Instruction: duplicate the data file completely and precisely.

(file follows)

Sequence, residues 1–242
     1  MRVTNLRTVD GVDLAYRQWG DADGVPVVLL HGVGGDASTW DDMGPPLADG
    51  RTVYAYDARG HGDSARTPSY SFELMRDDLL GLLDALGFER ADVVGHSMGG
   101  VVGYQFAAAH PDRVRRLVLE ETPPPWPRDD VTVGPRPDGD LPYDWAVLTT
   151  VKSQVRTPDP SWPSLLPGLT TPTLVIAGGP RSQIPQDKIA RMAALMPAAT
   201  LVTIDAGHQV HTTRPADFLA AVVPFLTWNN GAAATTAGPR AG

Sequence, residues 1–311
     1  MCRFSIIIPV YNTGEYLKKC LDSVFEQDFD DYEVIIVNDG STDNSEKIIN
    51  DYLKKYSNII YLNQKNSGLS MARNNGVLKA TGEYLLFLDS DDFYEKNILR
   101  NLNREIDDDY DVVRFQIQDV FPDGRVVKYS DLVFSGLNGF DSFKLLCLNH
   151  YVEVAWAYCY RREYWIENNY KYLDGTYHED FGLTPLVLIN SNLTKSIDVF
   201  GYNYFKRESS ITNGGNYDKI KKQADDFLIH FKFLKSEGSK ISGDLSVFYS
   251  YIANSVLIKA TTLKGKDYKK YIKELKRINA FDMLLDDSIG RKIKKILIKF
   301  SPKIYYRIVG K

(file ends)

Sequence, residues 1–242
     1  MRVTNLRTVD GVDLAYRQWG DADGVPVVLL HGVGGDASTW DDMGPPLADG
    51  RTVYAYDARG HGDSARTPSY SFELMRDDLL GLLDALGFER ADVVGHSMGG
   101  VVGYQFAAAH PDRVRRLVLE ETPPPWPRDD VTVGPRPDGD LPYDWAVLTT
   151  VKSQVRTPDP SWPSLLPGLT TPTLVIAGGP RSQIPQDKIA RMAALMPAAT
   201  LVTIDAGHQV HTTRPADFLA AVVPFLTWNN GAAATTAGPR AG

Sequence, residues 1–311
     1  MCRFSIIIPV YNTGEYLKKC LDSVFEQDFD DYEVIIVNDG STDNSEKIIN
    51  DYLKKYSNII YLNQKNSGLS MARNNGVLKA TGEYLLFLDS DDFYEKNILR
   101  NLNREIDDDY DVVRFQIQDV FPDGRVVKYS DLVFSGLNGF DSFKLLCLNH
   151  YVEVAWAYCY RREYWIENNY KYLDGTYHED FGLTPLVLIN SNLTKSIDVF
   201  GYNYFKRESS ITNGGNYDKI KKQADDFLIH FKFLKSEGSK ISGDLSVFYS
   251  YIANSVLIKA TTLKGKDYKK YIKELKRINA FDMLLDDSIG RKIKKILIKF
   301  SPKIYYRIVG K